Taylor v. Taylor

Decision Date27 May 1948
Docket Number6 Div. 608.
Citation251 Ala. 374,37 So.2d 645
PartiesTAYLOR v. TAYLOR.
CourtAlabama Supreme Court

Rehearing Denied Nov. 26, 1948.

Gibson & Gibson, of Birmingham, for appellant.

Chas. W. Greer and Frank Bainbridge, both of Birmingham, for appellee.

The following questions propounded by complainant to respondent on cross-examination, objections to which were overruled, are made the bases of assignments of error 64 and 78:

'Q. General, when did you decide that you wanted to get rid of your wife and didn't want to live with her?'

'Q. Don't your know, General, as a matter of fact, you have made no claim to the Prudential under this policy because you didn't want to do so until after the court fixed the compensation you pay your wife in this case?'

LIVINGSTON Justice.

The complainant in the court below, appellee here, filed her bill of complaint in the Circuit Court of Jefferson County, in Equity, against appellant, seeking a divorce from bed and board, alimony and attorneys' fees pendente lite permanent alimony, attorneys' fees, and general relief. She alleged that the parties were lawfully married on May 30 1942, and lived together as man and wife until October 24, 1946, at which time appellant abandoned her by forcing her to leave their home against her will. She further alleged that appellant had contributed only $200 to her support between October 21, 1946, and December 9, 1946, the time of filing suit, and which amount was inadequate and insufficient to support and maintain her according to the station in life of appellee and appellant, and that respondent had failed or refused to contribute more to her support and maintenance.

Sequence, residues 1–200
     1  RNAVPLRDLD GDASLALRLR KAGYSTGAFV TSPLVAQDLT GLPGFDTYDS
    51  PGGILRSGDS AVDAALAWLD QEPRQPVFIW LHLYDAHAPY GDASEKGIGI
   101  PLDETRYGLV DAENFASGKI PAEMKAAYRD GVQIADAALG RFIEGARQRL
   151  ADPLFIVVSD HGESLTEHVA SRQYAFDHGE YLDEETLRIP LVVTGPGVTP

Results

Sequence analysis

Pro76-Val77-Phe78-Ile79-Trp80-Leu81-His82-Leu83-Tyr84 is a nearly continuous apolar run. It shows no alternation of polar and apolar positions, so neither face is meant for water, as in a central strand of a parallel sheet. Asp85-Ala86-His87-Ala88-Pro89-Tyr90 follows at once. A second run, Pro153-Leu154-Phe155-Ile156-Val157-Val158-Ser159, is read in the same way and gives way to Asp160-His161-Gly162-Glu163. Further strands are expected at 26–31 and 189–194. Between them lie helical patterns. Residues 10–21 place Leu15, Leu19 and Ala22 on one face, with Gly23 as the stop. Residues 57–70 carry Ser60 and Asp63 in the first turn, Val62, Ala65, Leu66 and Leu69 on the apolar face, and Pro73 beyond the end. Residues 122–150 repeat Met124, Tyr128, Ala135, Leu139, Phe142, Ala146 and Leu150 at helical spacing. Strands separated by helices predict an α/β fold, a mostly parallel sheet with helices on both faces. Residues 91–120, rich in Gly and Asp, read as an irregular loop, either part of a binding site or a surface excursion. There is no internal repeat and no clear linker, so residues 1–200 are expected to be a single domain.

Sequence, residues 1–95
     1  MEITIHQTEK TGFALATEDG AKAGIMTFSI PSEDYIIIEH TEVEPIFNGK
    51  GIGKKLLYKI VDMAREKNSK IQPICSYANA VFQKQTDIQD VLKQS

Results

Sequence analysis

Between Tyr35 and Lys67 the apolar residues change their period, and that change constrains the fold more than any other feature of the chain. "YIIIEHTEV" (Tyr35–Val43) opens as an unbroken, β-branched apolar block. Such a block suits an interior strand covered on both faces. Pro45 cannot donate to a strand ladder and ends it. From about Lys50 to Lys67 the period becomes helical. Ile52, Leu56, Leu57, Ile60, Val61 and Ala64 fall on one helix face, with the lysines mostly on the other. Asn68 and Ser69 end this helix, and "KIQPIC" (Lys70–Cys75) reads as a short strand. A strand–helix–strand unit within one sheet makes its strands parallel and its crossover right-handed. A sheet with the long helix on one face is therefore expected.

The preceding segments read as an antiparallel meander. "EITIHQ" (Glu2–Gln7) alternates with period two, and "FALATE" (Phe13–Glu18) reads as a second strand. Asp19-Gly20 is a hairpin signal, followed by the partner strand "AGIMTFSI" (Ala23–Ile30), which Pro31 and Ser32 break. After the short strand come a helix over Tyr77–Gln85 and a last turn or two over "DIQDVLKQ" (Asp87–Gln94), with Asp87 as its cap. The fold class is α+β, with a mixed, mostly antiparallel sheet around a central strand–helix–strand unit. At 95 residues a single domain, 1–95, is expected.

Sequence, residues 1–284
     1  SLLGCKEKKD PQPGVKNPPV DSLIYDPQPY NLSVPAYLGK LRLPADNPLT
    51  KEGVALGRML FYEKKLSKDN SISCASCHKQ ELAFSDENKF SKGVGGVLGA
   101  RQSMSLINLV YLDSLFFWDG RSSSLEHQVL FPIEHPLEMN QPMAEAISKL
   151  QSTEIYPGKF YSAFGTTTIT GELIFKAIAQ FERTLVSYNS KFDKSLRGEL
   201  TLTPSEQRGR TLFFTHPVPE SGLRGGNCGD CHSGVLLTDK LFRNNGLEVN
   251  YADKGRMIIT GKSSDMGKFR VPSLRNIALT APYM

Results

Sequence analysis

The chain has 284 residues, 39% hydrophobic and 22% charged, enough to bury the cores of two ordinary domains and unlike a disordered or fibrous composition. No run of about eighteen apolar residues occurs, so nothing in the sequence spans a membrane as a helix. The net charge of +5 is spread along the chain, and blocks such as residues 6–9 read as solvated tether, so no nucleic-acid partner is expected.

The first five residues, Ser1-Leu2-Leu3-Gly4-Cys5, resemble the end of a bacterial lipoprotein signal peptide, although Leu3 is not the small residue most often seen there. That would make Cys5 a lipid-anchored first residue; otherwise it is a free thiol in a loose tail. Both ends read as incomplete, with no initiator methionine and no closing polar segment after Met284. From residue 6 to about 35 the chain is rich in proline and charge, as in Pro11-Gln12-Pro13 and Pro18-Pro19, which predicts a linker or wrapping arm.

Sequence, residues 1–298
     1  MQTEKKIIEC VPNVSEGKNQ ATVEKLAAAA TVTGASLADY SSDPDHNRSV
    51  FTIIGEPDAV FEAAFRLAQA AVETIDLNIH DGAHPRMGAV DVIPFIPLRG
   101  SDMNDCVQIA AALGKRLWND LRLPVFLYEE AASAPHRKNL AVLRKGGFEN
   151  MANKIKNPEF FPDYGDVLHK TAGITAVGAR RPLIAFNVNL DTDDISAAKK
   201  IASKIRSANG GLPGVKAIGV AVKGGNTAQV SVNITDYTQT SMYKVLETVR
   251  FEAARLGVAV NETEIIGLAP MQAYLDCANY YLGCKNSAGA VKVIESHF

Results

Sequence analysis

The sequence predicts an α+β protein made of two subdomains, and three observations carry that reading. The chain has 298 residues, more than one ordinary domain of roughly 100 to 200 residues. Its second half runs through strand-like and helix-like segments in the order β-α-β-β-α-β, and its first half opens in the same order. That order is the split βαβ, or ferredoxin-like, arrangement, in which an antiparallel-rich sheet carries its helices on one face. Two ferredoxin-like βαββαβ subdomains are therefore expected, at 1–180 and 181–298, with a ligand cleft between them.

After demurrer was filed, appellee amended her bill of complaint. The charging part of the bill was not substantially changed, but the bill as amended prayed for a divorce from bed and board, or, in the alternative, a legal separation and allowance out of the income and property of respondent. Demurrer was filed to the bill as amended, and overruled.